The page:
Beyond these 210,000 refugees in South Sudan (likely an understatement of the real figure), tens of thousands have fled from Blue Nile to Ethiopia, as the bombing of civilians continues relentlessly.
 Flight along the (White) Nile River not only creates difficulty in securing clean water, but what for many is an insuperable obstacle in the effort to reach safety:
“The price to cross the river was $30 per person, or 150 South Sudanese pounds. So in some cases, parents just sent their kids across, because they couldn’t afford for the whole family to go.” “People told stories of a lot of drownings at the river,” [Nick] Kulish says. “When there was shooting, they would rush into the water, and small children and old people drowned. You had people falling off boats. And in at least one instance, I had people say their boat was shot and that several people on board had died.” (Public Radio International, January 2, 2014)
 Health threats are growing at an extremely rapid rate.
The humanitarian situation in South Sudan has further deteriorated in the past two weeks, according to the World Health Organization (WHO). Since the outbreak of violence in South Sudan on December 15, 2013, the humanitarian needs have quickly been growing with a total of 195,416 persons have been displaced from the four states of South Sudan, namely; Central Equatoria, Jonglei, Unity and Upper Nile, and 75,171 of them taking shelter in the UN peace-keeping bases in Juba, Bor, Malakal, Bentiu, while an estimated 5,000 others are displaced in Awerial County Lakes state. As a result of this population displacement, there is a looming risk of disease outbreaks especially for water borne diseases, warns WHO.
“The poor water, sanitation and hygiene conditions in the camps, coupled with a shortage of healthcare providers, poses health risks to thousands of displaced persons in the UN camp bases,” says Dr. Abdi Aden Mohammed, the WHO Country Representative in South Sudan. “Even with the tremendous efforts made by health partners, sanitation conditions are still inadequate largely due to the large number of people sheltering in UN bases which have insufficient space to house these numbers. Coupled with poor water and sanitation conditions, overcrowding in the camps may create conditions ripe for disease outbreaks,” adds Mohammed. (Public Health News, January 2, 2014)
 The lack of food reaching people in Bor will soon have deadly consequences, as The Telegraph reports from Juba (December 30, 2013):
At least 7,000 civilians, including vulnerable orphans, are going without food inside a United Nations camp in South Sudan as they shelter from the country’s civil war. The refugees at the UN base in the town of Bor receive clean water and protection from peacekeeping troops. But the security situation is so volatile that little food has been distributed—and some inside the camp have eaten nothing for days.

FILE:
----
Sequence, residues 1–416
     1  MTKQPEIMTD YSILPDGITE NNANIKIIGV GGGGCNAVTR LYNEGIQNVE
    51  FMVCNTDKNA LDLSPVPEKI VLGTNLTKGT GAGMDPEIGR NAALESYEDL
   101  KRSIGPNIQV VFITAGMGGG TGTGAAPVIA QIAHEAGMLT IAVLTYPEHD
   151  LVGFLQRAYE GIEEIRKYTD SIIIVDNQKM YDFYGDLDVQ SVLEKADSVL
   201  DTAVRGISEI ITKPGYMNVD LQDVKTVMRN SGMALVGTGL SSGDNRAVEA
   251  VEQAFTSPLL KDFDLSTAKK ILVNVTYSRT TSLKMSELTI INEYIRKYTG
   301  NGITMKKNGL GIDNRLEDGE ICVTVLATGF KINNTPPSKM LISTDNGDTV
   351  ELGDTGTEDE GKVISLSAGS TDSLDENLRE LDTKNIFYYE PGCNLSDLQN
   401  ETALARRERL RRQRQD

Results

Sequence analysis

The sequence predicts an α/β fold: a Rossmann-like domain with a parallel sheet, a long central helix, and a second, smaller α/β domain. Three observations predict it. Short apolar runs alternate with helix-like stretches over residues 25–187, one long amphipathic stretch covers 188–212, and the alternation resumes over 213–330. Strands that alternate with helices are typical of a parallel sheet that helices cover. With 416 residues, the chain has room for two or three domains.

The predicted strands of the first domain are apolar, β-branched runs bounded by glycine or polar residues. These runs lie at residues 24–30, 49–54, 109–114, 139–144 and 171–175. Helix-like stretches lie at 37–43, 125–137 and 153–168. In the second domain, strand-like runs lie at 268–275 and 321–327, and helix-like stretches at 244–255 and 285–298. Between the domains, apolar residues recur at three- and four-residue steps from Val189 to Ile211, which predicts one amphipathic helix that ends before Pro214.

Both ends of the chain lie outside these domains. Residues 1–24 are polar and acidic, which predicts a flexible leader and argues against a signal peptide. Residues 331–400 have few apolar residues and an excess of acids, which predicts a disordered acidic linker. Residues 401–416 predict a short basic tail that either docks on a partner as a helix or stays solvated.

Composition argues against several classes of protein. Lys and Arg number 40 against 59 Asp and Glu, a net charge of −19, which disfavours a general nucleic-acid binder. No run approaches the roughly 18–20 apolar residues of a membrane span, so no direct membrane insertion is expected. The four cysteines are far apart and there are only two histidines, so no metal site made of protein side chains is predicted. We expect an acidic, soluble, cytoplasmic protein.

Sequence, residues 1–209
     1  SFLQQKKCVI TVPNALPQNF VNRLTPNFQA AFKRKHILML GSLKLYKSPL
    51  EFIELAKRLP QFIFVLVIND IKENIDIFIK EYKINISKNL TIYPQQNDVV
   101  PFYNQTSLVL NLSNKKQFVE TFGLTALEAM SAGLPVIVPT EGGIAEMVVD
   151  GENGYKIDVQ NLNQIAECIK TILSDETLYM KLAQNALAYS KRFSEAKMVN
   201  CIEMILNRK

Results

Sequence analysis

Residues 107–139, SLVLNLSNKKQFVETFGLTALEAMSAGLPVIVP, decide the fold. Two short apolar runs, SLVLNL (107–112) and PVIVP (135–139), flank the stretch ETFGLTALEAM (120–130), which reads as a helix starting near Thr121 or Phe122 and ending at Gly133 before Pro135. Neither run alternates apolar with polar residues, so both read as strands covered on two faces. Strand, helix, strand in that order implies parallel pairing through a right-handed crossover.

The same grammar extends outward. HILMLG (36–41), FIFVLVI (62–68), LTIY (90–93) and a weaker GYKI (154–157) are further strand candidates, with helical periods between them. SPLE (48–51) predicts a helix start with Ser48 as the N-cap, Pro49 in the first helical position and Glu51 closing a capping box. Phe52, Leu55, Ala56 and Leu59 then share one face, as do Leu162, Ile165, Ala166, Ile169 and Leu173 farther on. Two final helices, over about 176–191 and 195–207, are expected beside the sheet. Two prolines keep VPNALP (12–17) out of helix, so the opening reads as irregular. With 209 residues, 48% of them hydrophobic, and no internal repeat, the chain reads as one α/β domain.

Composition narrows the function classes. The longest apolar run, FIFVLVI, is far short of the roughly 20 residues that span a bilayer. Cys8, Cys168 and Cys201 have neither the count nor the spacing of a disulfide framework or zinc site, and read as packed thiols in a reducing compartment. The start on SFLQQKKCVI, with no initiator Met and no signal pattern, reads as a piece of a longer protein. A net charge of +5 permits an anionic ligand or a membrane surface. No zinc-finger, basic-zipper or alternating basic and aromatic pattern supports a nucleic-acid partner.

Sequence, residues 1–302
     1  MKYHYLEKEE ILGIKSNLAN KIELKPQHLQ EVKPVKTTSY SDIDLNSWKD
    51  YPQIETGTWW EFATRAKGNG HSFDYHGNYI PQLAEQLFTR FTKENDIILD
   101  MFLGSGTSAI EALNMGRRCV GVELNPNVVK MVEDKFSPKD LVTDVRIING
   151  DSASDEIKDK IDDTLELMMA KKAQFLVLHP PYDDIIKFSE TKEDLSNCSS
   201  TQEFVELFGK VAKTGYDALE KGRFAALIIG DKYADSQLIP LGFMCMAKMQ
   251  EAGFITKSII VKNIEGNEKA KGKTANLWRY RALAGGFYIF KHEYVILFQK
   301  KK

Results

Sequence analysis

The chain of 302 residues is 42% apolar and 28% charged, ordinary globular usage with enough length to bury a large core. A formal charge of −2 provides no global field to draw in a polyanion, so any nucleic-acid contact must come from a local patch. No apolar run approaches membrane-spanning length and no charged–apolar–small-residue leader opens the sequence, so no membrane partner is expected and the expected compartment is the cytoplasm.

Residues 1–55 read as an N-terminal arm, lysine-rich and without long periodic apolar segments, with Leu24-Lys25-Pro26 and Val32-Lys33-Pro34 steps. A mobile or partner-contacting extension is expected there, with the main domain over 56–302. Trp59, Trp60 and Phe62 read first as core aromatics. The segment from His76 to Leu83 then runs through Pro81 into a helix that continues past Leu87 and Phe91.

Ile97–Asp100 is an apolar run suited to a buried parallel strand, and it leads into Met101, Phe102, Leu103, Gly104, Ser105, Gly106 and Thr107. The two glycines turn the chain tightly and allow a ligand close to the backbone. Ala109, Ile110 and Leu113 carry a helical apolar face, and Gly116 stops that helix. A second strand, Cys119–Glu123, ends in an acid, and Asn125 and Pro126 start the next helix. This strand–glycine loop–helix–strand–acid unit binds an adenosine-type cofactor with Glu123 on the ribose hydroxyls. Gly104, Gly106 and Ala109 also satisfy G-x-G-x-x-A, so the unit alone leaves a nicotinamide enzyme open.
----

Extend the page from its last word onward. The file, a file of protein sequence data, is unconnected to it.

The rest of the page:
And finally, the inherent difficulties of conducting humanitarian operations in South Sudan cannot be forgotten, for these difficulties translate into shortages of food and medicine, as well as equipment for water purification and bore-hole digging. In the presence of ongoing fighting, the challenges are almost overwhelming (the UN has kept in South Sudan only “critical personnel”):
Toby Lanzer, the humanitarian coordinator for the United Nations Mission in South Sudan, says the recent rainy season has left many roads impassable. ”We have to conduct many of our operations by air. So running an aid operation in this environment, when you don’t have precise information, is really very, very difficult and very expensive,” he says. His office has appealed for $166 million just to provide the basics — blankets, water, food and basic medical care — through March. And then there’s the politics. ”As humanitarian coordinator, I’m dealing with the consequences of a political struggle which has turned particularly violent,” Lanzer says. (National Public Radio, December 27, 2014)
What must be done—now
Political leaders in South Sudan who do not commit to an immediate cessation of hostilities, without conditions, help ensure that the current catastrophe will intensify with frightening speed. Modalities and mechanisms for formal cease-fire monitoring can be negotiated at greater leisure; what cannot wait another day is a military stand-down by both sides. The place to begin is Bor, now under control of Riek’s forces and—according to SPLA spokesman Philip Aguer—fighting has already begun to move southward toward Juba (Washington Post [Nairobi], January 3, 2014). Other reports from the BBC (January 3) have the SPLA beginning an offensive against Bor involving tanks and artillery.
Why does Riek not declare a cease-fire in light of all this? His strategy here may be that described by a military analyst speaking to The Economist (January 3, 2014):
Machar may be able to hold the fledgling country’s oil infrastructure to ransom. If he can chalk up some early victories—for instance, by taking and holding Bor—he may be better placed to sue for peace. As things stand, South Sudan may face a long civil war.
It is beyond dispiriting to think of the people of South Sudan once more “facing a long civil war.” All causes, all personal interests, all quests for seizing or holding power must give way before the desperately urgent need to forestall such a war.